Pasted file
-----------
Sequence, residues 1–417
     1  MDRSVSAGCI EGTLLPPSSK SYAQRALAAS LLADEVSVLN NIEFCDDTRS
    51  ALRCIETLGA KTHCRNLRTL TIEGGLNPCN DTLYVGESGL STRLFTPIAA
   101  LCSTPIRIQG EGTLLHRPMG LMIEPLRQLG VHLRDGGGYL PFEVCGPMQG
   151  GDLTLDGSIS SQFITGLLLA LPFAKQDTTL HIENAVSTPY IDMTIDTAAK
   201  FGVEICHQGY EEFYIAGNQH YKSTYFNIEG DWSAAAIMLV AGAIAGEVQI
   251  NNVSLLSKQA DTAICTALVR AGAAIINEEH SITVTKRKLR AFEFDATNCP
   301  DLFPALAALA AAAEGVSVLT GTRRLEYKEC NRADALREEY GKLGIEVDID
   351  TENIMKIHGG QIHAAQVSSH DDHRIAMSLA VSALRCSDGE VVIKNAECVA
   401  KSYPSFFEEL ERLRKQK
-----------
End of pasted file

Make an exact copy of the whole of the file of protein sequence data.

Sequence, residues 1–417
     1  MDRSVSAGCI EGTLLPPSSK SYAQRALAAS LLADEVSVLN NIEFCDDTRS
    51  ALRCIETLGA KTHCRNLRTL TIEGGLNPCN DTLYVGESGL STRLFTPIAA
   101  LCSTPIRIQG EGTLLHRPMG LMIEPLRQLG VHLRDGGGYL PFEVCGPMQG
   151  GDLTLDGSIS SQFITGLLLA LPFAKQDTTL HIENAVSTPY IDMTIDTAAK
   201  FGVEICHQGY EEFYIAGNQH YKSTYFNIEG DWSAAAIMLV AGAIAGEVQI
   251  NNVSLLSKQA DTAICTALVR AGAAIINEEH SITVTKRKLR AFEFDATNCP
   301  DLFPALAALA AAAEGVSVLT GTRRLEYKEC NRADALREEY GKLGIEVDID
   351  TENIMKIHGG QIHAAQVSSH DDHRIAMSLA VSALRCSDGE VVIKNAECVA
   401  KSYPSFFEEL ERLRKQK